It’s the troves of information that Equifax holds that makes it and other bureaus prime targets.
“With that power of aggregating information about consumers there’s a high degree of risk,” said Dimitri Sirota, co-founder and CEO of BigID, a data security firm. “It amounts to a honey pot, a tempting target for a country or criminals to attack.”
Unauthorized access to the information occurred from mid-May to July, the company said, and was discovered by the company on July 29. Equifax engaged an outside cybersecurity firm to investigate, the company said, and conduct a forensic review.
Equifax gave few details about how the data was accessed and whether it was their own operations that were breached or those of an outside vendor. The company said only that “criminals exploited a U.S. website application vulnerability to gain access to certain files.”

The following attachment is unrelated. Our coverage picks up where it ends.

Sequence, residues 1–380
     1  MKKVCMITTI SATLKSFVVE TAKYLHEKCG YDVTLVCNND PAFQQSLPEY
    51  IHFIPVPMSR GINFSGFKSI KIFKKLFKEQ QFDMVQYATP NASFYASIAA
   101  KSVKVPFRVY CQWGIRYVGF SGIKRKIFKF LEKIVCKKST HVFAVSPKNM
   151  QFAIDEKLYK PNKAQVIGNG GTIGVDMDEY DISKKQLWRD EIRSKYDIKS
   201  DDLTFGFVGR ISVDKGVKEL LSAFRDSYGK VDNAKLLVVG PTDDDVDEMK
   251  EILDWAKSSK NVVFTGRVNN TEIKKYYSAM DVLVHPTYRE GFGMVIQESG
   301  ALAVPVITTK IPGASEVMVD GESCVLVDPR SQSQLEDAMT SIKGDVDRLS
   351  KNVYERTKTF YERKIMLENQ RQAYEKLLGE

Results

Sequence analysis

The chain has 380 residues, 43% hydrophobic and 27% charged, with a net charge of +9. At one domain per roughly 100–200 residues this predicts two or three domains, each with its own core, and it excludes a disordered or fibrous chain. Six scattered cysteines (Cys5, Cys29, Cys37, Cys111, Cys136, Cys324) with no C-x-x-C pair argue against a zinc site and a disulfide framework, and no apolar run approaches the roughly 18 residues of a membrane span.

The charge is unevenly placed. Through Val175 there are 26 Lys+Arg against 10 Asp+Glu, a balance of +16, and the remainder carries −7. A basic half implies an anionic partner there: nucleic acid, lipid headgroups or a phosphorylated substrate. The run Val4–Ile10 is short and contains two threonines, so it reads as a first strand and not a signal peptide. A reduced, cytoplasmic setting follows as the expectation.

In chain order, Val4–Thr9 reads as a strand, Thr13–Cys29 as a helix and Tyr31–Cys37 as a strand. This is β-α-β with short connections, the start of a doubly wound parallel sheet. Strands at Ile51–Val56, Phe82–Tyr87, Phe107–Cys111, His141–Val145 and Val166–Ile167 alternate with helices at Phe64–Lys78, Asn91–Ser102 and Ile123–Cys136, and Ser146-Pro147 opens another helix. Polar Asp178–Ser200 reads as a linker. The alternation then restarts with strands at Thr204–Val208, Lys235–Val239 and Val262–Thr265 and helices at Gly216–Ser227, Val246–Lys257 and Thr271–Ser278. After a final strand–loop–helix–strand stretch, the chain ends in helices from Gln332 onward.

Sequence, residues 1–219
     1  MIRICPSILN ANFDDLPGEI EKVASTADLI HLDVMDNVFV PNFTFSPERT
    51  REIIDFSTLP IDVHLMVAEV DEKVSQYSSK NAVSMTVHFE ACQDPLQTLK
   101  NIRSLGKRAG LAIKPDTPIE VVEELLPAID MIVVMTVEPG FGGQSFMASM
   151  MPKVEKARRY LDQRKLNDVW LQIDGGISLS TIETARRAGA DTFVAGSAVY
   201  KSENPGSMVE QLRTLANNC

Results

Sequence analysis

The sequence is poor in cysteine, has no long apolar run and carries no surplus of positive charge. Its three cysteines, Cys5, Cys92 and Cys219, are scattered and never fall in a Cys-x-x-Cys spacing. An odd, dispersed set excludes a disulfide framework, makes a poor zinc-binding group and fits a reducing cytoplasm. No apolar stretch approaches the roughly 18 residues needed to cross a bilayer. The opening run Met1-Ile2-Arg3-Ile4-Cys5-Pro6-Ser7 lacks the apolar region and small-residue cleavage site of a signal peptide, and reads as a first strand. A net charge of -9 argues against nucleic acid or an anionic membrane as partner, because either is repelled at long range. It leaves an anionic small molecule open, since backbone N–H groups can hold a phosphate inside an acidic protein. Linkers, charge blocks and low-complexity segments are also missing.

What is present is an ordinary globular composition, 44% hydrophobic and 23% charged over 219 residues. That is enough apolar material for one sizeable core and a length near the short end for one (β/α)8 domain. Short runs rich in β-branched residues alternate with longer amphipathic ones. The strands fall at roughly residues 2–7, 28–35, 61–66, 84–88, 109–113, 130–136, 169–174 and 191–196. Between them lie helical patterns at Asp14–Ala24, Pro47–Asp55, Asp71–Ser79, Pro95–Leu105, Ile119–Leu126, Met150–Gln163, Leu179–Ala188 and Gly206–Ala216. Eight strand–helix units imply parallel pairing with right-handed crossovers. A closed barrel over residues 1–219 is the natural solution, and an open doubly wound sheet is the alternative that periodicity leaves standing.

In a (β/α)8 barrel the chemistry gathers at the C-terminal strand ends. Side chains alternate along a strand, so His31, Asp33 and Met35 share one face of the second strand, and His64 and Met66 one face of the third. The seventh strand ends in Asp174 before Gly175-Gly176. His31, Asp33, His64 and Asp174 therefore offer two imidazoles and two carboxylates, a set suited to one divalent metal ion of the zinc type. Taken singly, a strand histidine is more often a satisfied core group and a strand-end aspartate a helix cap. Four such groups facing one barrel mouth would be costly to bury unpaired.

Jeffrey Mueler, a senior research analyst for Robert W. Baird & Co., wrote in a report to investors that he was informed the breach had to do with a security flaw in an application called Apache Struts, an open-source server software. The tech news website ZDNet reported this week the application, which is used by many Fortune 100 companies, has a flaw allowing hackers to exploit it and extract data.
An Equifax spokesman did not respond to questions about the security flaw.
Mueler said data security is a primary concern for all companies, especially credit bureaus.
“It’s a constant and key priority for the company and where they spend a lot of money,” Mueler said, calling the battle with hackers “a cat and mouse game.”
A report from Wells Fargo Securities said Equifax faces risk of losing some business and running up higher expenses for legal, customer service and security consulting needs.
The company also is likely to experience fines from regulators, much as Home Depot, Target and Anthem have for recent large breaches, the Wells Fargo report said.